This book is about the war for the human soul. Between Gods and finally between humanity and the Gods (who are desperate to stop a third, neutral Heaven from being created). If you want a great, mind shattering, religious satire, than you need to pick up this series. Full of unforgettable characters, surprising twists, and moments that make you think and question what it is you believe in or want to believe. From free will, God, the Devil, humanity, goodness and the nature of the human soul; this book touches on all of these topics with new interpretations. Cannot wait for book 3!!!!
The author, Tony Moyle, sent me this book in exchange for an honest review.
My heart could hardly take the torment of Belle's life. However, as Belle grows and learns, so does the reader. Belle is understandably a damaged soul; her first moments of life were filled with a mother who neglected her, then flat out wished she never existed. From then on, she had one hardship after another, from finding and losing her only best friend, to losing children she fosters and loves. Belle seems to take everything in stride, until one moment causes all those previous heartaches to culminate into tragedy.
The novel begins with Belle reuniting with her best friend Jim, and him proposing to her. These two have undeniable electricity and chemistry. They love each other, faults and all. They make each other better people, build each other up, and heal the broken pieces. I love their love story, as cheesy as that may sound.
Tess is another beautiful character, large and full of life and love to give these fragile children she fosters. She takes this broken Belle and mends her heart. She gives her a home, a family, a mother to love. She is funny, kind, and ready at the drop of a hat to soothe with a box of chocolates, cookies and tea. She might just have been my favourite character.
With all the hardships and heartache that Belle faces in her life, you can feel the push to be away from the pain, to escape her life, to give her loved ones a life without her. While it may seem selfish, years of her mother's hate and contempt have invaded her heart and mind. This makes Belle believe that her grief, loss and pain are her own fault, instead of just sad circumstances of everyday life.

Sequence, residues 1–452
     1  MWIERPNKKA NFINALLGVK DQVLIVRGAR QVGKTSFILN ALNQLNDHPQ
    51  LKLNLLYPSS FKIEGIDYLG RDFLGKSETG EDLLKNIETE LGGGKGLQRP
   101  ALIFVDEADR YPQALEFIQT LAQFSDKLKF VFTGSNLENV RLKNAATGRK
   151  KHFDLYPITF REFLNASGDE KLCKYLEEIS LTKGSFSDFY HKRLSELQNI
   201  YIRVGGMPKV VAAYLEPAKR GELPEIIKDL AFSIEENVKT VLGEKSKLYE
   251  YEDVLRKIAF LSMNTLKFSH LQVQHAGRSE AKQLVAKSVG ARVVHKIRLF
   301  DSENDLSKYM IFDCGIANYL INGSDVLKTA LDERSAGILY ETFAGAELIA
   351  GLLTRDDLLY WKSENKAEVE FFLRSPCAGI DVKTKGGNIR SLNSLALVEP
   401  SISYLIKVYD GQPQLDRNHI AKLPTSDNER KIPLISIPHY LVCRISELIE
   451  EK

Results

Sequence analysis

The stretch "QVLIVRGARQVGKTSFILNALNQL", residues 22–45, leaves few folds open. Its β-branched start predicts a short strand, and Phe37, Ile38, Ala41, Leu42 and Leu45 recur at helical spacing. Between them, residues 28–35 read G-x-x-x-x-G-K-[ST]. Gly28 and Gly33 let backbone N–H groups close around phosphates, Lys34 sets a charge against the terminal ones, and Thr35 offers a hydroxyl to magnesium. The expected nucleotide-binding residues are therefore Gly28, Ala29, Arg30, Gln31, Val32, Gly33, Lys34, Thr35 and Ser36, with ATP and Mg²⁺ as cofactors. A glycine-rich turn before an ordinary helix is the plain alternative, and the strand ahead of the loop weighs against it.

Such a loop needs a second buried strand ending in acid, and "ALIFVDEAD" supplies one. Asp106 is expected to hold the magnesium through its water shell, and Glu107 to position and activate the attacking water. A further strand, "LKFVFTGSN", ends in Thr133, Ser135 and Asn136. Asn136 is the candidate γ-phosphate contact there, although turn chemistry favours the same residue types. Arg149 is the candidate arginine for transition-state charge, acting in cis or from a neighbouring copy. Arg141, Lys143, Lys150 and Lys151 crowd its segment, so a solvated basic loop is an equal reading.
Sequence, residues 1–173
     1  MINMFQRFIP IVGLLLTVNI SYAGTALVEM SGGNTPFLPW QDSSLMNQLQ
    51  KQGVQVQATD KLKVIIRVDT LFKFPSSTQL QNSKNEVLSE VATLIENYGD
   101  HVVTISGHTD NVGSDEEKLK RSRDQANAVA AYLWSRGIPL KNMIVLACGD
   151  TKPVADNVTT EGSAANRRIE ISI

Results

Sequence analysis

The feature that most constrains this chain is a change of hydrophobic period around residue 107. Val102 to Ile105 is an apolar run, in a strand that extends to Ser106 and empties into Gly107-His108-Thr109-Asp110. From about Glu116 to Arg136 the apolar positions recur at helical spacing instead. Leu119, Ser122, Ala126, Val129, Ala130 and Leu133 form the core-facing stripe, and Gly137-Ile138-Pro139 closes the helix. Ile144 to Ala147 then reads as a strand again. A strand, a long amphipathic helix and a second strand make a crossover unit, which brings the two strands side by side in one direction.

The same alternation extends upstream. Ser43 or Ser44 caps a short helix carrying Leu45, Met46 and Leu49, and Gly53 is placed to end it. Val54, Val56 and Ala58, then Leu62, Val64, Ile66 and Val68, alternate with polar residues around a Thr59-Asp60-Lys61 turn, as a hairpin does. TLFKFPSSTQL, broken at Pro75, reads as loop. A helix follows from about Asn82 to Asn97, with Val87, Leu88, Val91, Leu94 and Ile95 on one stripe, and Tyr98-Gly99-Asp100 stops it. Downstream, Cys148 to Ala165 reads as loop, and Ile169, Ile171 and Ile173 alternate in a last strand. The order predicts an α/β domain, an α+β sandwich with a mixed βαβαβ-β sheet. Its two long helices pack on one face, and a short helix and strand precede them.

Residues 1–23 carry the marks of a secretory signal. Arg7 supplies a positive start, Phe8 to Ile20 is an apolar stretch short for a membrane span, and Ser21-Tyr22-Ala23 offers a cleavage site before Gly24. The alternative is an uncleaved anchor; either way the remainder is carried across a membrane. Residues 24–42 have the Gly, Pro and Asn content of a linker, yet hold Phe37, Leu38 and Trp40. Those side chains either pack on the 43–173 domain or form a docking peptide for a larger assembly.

Belle and Jim are champions of goodness. Taking in foster children, creating a youth centre, helping out in their community. Belle's reach is so great, it would affect so many people if she simply "poof" was gone. A wonderful lesson on the impact we all make, whether we realize it or not. We must remember, even in our darkest moments, that there may be someone out there that needs us, our love, our generosity. We are all connected, all important, and we must learn to accept our grief, loss and pain and slowly begin to heal with love. We are the masters of our own fate.
Why did I not give it a full 5 stars? Due to a few inconsistencies that pulled me right out of the novel. One example, Jim has two brothers and one sister; however, Belle tells Jim, in the world without her, that he has one brother and one sister in her world. I am anal that way, and need the book to be consistent with the information that I am being given about a character (editing should have caught this error).
Postscript: let's talk about the cover below for a moment (nothing to do with book itself or my rating); I like it, it is beautiful, but who the heck is the woman on the front of it and how does it pertain to the book? Belle is a caramel skinned, dark haired woman; why not feature her on the cover? I mean, the book even talks about how the colour of Belle's skin effects her life, with her feeling like an outsider, different, that her mother did not want her because of this...and then the cover of the book features a white woman. I am confused...did the person who made the cover not know anything about the book? There is another cover (maybe the U.K. version?) which seems to accurately portray Belle on it, on the Ha'Penny...plus it is a cute illustration (think I missed out on not getting that one). Maybe this is being tedious, but I like when covers tie in with the book.
Defaid may be a haven from the horrors of the fforest, but it soon becomes a prison for Alys and the other Gwenith orphans, forced into night watch duty, on patrol in pastures and on the treacherous gate for 'soul eaters', living a continuous half life. This hard life breeds pain, anger, hate, and death. A haven and a torture chamber. These orphans are a fixture in the village, but are never really accepted as whole members of the community. They are not Defaiders, they are other. The children become ghost like, lost between their previous happy life and this life of just existing. Some wander off at the age of 16, to the calls that come from the fforest and the soul eaters, others diminish in the town and fade away.